Friday, March 21, 2014

Who Prints Source Code Anymore?

As I am writing code, of course I find that my style reflects many decades of pet peeves and wants from writing code.  And nowadays, the programming editor is doing the formatting for me.  It adds spaces around the equal signs, indents, capitalizes, and more.  It allows me to build in self-documentation that pops up as I use my own code.  It is really a huge convenience, and greatly speeds up productivity.

But one thing occurred to me, as I type long lines the editor just scrolls around.  No problem, but then I am wont to go back, make the long lines shorter and go onto the next line, so that they are more readable without scrolling.  Great, but where did that come from?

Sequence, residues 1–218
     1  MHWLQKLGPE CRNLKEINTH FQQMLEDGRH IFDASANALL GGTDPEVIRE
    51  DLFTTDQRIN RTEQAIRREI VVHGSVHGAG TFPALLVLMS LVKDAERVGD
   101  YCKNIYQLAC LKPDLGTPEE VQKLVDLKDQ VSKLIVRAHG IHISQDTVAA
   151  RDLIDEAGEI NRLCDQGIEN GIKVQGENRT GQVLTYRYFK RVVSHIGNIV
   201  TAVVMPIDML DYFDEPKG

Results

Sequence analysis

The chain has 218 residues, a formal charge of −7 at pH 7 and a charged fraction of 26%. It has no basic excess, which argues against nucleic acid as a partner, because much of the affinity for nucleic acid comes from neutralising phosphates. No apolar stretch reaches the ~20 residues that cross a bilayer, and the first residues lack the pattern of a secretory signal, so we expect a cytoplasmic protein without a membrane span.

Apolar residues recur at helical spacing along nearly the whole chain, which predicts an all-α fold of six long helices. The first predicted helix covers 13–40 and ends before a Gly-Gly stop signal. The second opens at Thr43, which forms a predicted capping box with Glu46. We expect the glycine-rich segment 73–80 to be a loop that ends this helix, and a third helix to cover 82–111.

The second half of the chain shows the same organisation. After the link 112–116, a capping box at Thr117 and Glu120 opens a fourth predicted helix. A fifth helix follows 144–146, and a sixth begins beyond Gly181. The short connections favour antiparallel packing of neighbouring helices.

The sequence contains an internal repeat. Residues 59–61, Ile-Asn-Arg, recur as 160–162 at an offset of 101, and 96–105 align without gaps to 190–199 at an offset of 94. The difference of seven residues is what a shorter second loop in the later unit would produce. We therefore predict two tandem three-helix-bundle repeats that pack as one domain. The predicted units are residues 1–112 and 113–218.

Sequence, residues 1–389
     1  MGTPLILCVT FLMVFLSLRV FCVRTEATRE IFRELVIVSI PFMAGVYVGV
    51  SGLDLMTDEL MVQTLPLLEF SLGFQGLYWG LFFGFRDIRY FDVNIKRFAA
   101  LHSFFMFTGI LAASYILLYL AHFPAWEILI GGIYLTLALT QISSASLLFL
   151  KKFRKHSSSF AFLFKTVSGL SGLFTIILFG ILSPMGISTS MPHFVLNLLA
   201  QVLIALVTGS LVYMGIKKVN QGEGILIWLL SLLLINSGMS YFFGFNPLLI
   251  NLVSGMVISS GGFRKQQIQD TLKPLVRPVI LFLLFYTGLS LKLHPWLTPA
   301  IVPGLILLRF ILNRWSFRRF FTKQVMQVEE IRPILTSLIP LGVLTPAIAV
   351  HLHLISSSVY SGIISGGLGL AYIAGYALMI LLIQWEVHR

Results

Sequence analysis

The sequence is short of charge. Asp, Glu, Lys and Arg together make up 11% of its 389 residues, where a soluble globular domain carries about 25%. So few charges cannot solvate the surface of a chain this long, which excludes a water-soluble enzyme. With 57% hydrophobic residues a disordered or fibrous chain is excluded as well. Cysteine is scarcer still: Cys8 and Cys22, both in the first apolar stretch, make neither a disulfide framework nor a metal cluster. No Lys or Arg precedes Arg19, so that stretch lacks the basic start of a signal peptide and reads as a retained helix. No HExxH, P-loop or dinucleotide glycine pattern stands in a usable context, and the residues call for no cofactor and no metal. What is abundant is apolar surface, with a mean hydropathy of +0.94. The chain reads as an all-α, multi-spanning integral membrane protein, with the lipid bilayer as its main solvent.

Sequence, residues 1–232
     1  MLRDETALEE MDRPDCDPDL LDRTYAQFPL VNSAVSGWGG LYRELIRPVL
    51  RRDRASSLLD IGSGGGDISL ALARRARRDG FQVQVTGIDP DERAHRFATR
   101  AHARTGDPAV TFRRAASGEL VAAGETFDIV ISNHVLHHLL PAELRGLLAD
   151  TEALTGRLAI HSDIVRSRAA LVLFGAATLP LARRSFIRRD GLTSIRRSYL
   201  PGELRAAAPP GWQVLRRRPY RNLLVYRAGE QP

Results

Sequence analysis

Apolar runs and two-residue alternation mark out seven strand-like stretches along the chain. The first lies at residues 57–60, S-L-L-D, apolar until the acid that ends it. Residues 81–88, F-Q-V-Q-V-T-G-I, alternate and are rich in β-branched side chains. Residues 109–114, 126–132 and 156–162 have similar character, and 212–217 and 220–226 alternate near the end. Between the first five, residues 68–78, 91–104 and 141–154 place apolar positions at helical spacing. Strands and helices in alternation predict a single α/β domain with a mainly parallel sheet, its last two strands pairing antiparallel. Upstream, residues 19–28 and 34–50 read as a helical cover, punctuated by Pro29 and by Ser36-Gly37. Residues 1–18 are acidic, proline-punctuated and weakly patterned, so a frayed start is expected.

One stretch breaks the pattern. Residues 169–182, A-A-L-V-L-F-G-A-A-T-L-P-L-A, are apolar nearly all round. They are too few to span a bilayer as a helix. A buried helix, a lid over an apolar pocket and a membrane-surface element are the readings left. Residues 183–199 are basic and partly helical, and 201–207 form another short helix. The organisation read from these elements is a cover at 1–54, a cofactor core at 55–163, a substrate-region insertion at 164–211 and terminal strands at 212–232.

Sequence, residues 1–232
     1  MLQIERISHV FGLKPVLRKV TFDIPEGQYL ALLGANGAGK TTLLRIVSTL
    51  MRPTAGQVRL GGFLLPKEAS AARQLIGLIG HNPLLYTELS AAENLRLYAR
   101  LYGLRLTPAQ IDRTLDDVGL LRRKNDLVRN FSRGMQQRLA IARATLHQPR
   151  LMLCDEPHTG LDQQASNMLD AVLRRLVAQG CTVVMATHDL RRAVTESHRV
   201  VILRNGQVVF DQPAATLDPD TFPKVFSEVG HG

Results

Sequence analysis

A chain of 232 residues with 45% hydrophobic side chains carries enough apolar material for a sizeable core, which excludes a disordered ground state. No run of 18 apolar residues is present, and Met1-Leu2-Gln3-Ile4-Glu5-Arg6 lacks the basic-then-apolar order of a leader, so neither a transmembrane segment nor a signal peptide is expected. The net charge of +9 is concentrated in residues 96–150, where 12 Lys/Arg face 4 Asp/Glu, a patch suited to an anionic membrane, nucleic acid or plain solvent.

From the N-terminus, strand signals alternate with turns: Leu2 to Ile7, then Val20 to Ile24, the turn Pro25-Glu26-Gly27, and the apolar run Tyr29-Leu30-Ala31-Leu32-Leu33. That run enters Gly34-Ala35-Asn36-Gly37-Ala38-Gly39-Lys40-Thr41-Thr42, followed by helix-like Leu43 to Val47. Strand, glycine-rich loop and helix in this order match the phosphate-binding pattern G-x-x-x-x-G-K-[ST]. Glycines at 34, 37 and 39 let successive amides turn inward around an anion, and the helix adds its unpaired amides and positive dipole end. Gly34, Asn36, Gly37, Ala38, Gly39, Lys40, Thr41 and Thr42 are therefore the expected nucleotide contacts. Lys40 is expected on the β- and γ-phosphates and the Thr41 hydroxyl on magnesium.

Back in the old days when they came up with conventions for making code lines span multiple lines in the source file, it was primarily to control where the line breaks when you print it out, and also to reduce horizontal scrolling in the editor.  While the latter need is much reduced nowadays with wider screens, it's kind of funny to think the main reason was to make printed-out code more readable.  Thinking back to all my programming days throughout the decades, how many times did I print?  A lot in the old days, and never in the past what, 15 years or more?

So really, this is a fundamental Human trait - creatures of habit, with practices that stick around long after they are not only no longer necessary, but an actual hindrance.